Hanging On and Letting Go

An email arrived midday yesterday, an invitation to a thing called Educator Wednesday in which, according to its organizers, hundreds or even thousands of teachers from These Parts will be descending on the state capitol and “to bring report cards for state policy makers.”  The email promised free snacks, drinks, and bus transportation; there’s free parking, too, if you want to drive.  It’s an election year, of course, and back in the Good Old Days, “when teachers were revered,” that would have meant grandiose promises about valuing education and The Children.  It typically would have brought a pay raise, too.

But the Good Old Days have been gone for quite a while, along with the Good Old Political Structure that dispensed the promises and largesse that Educator Wednesday participants want back.  Letting go of old patterns is hard, but hanging on to something that’s dead and buried?  That’s even harder, I think.

I won’t be going to Educator Wednesday, but I had to laugh at the absurdity of the report cards.  Ms. X and Mr. Y tend not to pay much attention to politics, but when they do, they’re bitterly opposed to the idea that They (legislators and other policy-makers, in this case) would dare to “grade Us” … because, according to Ms. X and Mr. Y, They couldn’t possibly “understand what it’s like in The Classroom.”  And yet Many A Ms. X and Mr. Y will merrily dispense these report cards to legislators today, even though, by the very same argument, none of Us can possibly “understand what it’s like in The Legislature.”

And no doubt they’ll be surprised when the threat of low grades doesn’t motivate some “bad, lazy ones” to work harder as Ms. X and Mr. Y define hard work.  After all, that’s “supposed to” work in The Classroom, so it’s “supposed to” work everywhere else!  When it doesn’t, it’s a lot easier to blame the “bad, lazy ones” than to take a hard look at your assumptions!  Letting go is hard and scary even when hanging on is clearly not working.

Factory-model thinking doesn’t always lead to terrible arrogance, but it’s easy to fall into the arrogance of expertise, to assume that everybody else is “supposed to” see the world the way you do, to see disagreement as badness and laziness or worse.  The blog post that sparked this lengthy, thoughtful Google+ discussion seemed, at least to me, to do just that: to assume that the 20th-century higher education model is (or should be) normative, and that any deviation from it is suspect at best, downright evil at worst.  And yet, as report after depressing report makes clear, hanging on to that system is less tenable every day.  Good old Ms. H, who firmly believed that the system was supposed to work the way it had when she was in college, retired a year or two ago … and I’m glad for her, because it would have distressed her to see how many of her students simply don’t believe what she firmly believes they’re supposed to believe: that you can (and should) go to a Pretty Good College, fairly close to home, and be set for life with a degree that leads to a Pretty Good Job.  (Ironically, Ms. H’s undergraduate degree has almost no connection to the work she did for All Those Years … but that’s different, of course!  The System is just supposed to work!)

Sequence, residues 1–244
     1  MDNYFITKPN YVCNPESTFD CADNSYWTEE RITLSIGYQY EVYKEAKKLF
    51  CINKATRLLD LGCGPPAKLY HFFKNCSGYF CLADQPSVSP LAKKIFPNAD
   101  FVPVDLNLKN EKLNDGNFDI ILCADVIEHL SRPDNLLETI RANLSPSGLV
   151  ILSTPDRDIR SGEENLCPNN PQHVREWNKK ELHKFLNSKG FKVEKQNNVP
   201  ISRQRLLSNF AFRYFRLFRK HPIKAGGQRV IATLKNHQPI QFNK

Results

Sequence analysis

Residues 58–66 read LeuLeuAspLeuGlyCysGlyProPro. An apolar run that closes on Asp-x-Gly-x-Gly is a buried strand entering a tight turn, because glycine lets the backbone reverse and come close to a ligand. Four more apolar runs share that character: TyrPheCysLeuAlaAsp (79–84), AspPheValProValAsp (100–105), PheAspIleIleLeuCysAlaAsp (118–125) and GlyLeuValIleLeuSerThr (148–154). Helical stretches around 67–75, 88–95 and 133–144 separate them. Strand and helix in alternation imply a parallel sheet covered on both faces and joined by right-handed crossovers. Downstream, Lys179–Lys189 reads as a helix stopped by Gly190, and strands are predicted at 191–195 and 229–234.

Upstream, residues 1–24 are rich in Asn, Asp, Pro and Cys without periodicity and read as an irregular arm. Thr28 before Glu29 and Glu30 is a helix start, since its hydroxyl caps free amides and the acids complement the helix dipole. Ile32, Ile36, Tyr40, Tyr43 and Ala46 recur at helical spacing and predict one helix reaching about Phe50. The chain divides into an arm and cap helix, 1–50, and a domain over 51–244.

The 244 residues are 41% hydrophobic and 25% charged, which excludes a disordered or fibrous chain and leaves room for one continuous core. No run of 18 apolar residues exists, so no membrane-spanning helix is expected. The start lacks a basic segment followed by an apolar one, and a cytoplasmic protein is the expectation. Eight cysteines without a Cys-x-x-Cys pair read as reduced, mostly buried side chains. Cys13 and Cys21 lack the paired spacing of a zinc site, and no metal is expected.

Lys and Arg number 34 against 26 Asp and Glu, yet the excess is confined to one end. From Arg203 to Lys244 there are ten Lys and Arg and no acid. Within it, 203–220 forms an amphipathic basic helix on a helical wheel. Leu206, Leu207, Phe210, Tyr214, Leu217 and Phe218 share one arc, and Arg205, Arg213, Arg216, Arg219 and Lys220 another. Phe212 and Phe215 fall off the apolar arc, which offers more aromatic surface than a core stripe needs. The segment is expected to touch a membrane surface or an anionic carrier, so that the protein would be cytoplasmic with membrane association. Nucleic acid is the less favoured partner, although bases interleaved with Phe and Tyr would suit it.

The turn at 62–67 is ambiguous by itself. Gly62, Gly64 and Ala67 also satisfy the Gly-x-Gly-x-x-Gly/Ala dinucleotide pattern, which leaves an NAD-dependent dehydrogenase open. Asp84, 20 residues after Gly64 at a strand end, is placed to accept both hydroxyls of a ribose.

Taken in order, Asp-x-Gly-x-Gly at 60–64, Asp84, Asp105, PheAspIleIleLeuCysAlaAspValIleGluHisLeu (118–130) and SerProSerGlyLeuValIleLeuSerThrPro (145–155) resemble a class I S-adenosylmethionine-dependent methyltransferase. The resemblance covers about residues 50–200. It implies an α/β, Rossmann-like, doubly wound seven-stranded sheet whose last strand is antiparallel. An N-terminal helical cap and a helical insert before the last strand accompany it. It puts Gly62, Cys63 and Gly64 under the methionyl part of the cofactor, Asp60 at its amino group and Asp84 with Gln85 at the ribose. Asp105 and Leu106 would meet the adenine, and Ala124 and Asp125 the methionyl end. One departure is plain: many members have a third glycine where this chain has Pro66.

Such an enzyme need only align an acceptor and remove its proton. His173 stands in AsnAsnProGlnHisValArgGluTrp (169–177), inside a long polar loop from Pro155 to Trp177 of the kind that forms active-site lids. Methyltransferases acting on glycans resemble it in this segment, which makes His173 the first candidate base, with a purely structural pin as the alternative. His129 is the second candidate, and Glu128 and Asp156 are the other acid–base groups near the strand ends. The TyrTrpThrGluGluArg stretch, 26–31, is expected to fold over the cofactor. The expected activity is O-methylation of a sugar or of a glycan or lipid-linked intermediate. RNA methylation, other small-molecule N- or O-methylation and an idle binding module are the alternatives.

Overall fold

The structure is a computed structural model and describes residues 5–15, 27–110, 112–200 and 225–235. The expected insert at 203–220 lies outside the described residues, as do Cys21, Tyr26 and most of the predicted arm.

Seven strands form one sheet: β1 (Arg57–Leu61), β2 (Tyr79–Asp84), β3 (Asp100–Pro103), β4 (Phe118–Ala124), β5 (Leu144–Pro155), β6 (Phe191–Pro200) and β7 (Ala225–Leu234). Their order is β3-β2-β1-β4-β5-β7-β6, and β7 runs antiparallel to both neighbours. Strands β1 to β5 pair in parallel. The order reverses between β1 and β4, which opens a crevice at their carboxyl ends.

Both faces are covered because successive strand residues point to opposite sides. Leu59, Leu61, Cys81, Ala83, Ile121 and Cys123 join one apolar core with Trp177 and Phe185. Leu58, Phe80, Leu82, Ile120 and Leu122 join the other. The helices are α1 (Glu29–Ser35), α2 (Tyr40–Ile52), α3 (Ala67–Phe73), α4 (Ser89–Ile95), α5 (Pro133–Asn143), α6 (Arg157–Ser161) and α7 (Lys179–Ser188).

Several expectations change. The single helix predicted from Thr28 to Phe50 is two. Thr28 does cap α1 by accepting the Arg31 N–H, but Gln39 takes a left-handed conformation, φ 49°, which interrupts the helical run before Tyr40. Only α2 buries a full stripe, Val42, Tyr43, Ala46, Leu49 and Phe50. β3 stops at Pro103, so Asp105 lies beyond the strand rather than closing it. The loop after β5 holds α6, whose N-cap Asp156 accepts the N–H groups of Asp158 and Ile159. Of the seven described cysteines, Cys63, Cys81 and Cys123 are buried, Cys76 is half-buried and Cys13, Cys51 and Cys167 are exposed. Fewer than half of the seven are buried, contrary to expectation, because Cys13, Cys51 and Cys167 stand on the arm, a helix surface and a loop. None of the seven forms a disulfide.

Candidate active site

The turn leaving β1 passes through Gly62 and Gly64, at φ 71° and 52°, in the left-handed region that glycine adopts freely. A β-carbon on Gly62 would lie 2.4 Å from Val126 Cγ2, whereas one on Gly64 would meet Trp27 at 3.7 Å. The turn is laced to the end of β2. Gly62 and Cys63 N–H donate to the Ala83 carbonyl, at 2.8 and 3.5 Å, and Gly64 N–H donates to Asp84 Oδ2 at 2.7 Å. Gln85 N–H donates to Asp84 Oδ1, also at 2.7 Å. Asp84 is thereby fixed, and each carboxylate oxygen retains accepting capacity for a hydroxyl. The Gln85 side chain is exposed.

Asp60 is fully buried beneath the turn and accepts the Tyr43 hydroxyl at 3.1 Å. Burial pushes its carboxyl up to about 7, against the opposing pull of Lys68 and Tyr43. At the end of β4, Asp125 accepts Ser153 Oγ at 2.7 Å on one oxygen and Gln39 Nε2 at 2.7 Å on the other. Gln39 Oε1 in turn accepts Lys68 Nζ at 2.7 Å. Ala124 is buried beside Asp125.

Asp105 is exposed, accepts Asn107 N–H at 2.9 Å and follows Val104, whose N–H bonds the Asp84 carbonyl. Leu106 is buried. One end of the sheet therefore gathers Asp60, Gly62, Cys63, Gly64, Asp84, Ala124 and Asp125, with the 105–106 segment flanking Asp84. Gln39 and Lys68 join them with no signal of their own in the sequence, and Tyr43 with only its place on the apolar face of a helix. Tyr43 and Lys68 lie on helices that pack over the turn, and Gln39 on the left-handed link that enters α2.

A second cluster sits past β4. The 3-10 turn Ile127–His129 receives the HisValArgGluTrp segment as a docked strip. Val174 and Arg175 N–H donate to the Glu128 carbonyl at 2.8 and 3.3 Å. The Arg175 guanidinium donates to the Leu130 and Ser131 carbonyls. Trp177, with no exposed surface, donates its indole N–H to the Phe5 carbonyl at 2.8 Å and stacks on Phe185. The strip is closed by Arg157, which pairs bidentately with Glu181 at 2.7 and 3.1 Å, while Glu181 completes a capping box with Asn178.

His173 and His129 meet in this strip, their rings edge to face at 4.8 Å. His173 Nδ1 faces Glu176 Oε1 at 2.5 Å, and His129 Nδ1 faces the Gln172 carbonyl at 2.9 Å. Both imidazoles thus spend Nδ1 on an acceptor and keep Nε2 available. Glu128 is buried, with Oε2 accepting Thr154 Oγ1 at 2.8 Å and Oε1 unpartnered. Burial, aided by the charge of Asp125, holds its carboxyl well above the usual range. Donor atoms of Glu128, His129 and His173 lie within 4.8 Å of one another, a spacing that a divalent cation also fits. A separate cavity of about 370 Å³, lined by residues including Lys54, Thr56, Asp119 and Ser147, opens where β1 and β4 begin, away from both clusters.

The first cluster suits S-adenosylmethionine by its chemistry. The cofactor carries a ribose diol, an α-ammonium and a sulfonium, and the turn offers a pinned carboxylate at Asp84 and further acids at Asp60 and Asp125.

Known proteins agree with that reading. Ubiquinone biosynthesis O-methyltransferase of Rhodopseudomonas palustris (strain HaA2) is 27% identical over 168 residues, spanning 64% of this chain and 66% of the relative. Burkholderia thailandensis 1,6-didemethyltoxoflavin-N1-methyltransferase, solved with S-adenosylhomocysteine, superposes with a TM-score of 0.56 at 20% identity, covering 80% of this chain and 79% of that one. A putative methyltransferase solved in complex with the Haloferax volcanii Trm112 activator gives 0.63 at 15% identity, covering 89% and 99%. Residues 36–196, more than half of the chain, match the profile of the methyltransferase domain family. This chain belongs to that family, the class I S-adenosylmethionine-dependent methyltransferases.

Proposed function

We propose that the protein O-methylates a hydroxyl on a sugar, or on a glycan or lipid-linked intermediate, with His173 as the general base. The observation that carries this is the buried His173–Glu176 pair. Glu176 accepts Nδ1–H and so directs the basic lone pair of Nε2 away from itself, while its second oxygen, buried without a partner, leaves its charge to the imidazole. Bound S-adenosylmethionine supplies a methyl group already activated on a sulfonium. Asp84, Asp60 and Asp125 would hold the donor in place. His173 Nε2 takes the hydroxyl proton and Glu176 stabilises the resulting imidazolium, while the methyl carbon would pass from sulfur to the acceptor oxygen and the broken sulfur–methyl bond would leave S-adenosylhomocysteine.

I “just happened” to run into a former student and her family at lunch yesterday.  D homeschools her kids because she knows that The System wouldn’t be a good fit for them.  And then I “just happened” to run into a teacher-friend at the Local Bookstore a few hours later.  She and her husband send their child to an interesting, somewhat unusual local private school … because, again, they know that The System wouldn’t be a good fit for their interesting, somewhat unusual child.  My friend had been attending a Special Training Session this week, but it hadn’t lived up to her expectations.  “I’m going to give it another day,” she said, “but if it doesn’t get better, I doubt I’ll go back for the rest of it.”

I could hear the factory-voices start to scream: “But you have to!  What if the Powers That Be get upset?  What if it makes you look bad?  Just close your (metaphorical) door and wait; maybe you’ll get one good thing out of all that time!”  I’m sure she could hear those voices, too.  But holding on to a useless, even counterproductive experience … that’s unpleasant, even painful, and life is short and precious.  Sometimes holding on is actually more unpleasant, more painful, than the scary thought of letting go and doing something else.

So how do you choose, in the moment, between holding on and letting go?  It’s helpful to be part of a joyful learning community, a diverse group who can help you think things through and see alternatives you might not have considered.  It’s helpful to take time and get some perspective, to talk things over, to consider the possibilities.  It’s helpful not to be caught up in the daily factory-grind.

It’s been years since I stayed up past midnight to finish a book!  But I did last night.  I’d bought the book (a physical copy!) at the Local Bookstore a month or two ago, intending to read it when summer started.  I rarely read fiction during the school year, but I wanted to finish the series … even though I had another book by another favorite author waiting.  I’m glad I decided to let go of my typical reading routine!  I wonder what else I’m being called to let go of, what I’m being called to hang on to, and how all these threads will connect in the days and weeks to come.

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Published in: on June 18, 2014 at 12:47 pm  Leave a Comment  

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